With Sierra Leone heavily dependent on the international community for its daily survival, what seems to epitomize the frustration of the people is the lack of political will to confront corruption in a bold and decisive way. As such, the herculean task a Berewa presidency will face is to convince the rather weary and skeptical donors especially the International Monetary Fund and the World Bank (in spite of their double standards when it comes to dealing with Highly Indebted Countries like Sierra Leone) that funds for public service will be used in the interest of the people. This undoubtedly will compensate for a president who is a novice in international foreign policies in the new global order albeit a long sojourn in the bowels of the UN.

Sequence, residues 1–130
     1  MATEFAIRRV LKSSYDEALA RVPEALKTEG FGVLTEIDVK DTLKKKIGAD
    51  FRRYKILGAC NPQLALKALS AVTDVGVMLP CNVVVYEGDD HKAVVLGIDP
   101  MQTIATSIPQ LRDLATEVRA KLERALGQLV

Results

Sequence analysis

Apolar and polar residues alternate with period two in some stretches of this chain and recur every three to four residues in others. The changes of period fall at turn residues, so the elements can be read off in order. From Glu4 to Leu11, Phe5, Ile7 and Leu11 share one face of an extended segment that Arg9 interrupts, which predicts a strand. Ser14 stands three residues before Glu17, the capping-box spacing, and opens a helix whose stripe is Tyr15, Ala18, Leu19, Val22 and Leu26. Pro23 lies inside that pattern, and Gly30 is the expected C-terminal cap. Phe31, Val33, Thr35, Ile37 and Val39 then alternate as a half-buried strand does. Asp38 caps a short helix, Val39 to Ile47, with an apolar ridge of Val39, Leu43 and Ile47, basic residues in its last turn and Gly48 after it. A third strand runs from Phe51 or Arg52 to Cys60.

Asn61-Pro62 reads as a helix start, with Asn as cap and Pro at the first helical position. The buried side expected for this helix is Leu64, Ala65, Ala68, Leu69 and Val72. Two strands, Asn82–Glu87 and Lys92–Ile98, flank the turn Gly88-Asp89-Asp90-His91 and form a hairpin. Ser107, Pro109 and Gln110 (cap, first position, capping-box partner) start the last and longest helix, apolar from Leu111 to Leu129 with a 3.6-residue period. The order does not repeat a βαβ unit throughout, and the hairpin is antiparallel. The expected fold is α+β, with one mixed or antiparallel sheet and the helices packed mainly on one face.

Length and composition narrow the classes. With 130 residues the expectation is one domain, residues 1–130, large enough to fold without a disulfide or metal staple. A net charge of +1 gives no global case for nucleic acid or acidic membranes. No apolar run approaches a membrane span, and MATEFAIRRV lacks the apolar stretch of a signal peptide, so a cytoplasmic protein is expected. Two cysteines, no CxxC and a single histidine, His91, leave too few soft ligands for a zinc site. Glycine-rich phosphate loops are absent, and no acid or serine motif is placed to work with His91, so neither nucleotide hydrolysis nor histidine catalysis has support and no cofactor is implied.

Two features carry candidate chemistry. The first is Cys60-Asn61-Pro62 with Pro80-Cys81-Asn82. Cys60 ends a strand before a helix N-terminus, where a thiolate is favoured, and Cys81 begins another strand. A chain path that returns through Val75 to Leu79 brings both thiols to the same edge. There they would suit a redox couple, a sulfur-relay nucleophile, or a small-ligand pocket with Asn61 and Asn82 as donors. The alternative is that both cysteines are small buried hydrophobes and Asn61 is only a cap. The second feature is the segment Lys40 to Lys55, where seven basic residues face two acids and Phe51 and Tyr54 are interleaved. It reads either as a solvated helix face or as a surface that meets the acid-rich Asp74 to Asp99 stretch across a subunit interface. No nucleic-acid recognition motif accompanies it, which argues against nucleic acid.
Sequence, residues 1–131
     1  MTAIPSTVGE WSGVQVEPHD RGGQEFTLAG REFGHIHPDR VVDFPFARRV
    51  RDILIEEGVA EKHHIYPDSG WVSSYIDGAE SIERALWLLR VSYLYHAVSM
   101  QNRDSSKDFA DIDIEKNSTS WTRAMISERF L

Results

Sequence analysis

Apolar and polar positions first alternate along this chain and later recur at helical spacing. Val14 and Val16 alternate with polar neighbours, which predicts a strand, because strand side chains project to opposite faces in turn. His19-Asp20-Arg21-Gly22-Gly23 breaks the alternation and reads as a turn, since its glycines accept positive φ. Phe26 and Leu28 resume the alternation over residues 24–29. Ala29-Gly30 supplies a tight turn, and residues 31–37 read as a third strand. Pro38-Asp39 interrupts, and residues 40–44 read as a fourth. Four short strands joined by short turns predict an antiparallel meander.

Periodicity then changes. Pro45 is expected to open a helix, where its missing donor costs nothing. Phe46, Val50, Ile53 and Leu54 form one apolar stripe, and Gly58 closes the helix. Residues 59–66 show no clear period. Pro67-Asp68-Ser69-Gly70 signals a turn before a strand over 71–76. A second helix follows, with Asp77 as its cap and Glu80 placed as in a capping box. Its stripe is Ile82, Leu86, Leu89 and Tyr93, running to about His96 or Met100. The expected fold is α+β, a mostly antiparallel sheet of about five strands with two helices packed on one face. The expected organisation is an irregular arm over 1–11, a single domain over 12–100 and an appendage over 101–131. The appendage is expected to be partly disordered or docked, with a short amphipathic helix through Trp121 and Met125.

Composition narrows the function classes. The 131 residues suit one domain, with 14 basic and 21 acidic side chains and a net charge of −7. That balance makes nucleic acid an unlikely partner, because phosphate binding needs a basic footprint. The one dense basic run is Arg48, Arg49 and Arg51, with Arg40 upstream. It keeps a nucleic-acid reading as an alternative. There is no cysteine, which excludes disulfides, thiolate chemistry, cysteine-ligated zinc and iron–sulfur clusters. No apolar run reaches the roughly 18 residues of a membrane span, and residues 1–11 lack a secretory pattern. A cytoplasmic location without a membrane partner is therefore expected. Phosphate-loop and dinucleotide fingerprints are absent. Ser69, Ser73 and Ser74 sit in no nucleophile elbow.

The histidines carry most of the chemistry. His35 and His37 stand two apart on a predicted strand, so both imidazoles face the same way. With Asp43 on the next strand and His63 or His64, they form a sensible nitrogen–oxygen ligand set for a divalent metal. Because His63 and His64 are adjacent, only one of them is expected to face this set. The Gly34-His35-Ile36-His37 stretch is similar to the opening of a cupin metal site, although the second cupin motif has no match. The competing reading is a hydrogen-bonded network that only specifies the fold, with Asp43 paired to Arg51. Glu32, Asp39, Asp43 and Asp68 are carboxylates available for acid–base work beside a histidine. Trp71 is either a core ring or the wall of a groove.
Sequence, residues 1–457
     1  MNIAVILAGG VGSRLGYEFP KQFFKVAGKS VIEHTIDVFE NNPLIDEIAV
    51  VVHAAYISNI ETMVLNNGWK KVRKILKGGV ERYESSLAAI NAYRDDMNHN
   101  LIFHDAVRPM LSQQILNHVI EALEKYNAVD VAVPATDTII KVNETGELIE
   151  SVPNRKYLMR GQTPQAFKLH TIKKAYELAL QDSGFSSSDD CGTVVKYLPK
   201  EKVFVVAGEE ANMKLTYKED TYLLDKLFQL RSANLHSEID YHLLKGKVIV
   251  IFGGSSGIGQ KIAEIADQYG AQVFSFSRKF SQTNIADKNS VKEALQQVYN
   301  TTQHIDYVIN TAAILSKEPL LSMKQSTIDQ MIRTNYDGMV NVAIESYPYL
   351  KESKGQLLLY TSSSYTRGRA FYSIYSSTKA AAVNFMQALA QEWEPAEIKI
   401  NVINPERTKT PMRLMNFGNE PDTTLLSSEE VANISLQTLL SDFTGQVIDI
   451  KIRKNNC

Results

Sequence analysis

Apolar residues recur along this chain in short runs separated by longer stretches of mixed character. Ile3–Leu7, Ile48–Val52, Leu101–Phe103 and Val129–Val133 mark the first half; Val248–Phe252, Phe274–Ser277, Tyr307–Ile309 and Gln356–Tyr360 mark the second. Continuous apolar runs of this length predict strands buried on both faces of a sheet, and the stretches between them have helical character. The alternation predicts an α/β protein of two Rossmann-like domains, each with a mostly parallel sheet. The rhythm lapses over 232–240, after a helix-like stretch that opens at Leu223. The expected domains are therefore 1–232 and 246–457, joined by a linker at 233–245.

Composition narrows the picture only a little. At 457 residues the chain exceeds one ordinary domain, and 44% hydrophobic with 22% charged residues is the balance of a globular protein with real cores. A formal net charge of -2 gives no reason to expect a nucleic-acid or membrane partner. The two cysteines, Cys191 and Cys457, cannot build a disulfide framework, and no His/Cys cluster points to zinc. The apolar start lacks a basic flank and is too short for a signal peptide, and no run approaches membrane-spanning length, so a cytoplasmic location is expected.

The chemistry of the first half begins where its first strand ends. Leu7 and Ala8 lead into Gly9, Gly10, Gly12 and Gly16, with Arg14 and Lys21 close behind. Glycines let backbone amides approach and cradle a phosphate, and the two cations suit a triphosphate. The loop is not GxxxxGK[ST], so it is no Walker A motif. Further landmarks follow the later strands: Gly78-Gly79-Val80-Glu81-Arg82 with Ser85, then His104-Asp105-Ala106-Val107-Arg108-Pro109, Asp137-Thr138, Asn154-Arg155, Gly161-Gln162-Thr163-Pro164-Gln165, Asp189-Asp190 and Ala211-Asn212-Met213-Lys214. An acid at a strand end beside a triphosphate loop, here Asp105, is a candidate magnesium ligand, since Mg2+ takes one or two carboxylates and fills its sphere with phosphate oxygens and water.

Without casting doomed aspersions, the signs for a buoyant economy seem to hang on a thin thread. For instance, has the government not recently revoked the persona non grata imposed on some unscrupulous foreign business tycoons who are notorious in smuggling our diamonds? Were not a cross section of these foreigners Lebanese hustlers who were indicted for supplying weapons to the notorious RUF to unleash terror on innocent and unsuspecting civilians? So, does that mean VP Berewa agreed with that infamous decision, or rather may have disagreed with it silently but had to tow the line for the sake of personal political aggrandizement? Of course, this is no novelty in Sierra Leone politics since one can comfortably count the number of political players who have bequeathed their positions because they disagreed with certain political decisions.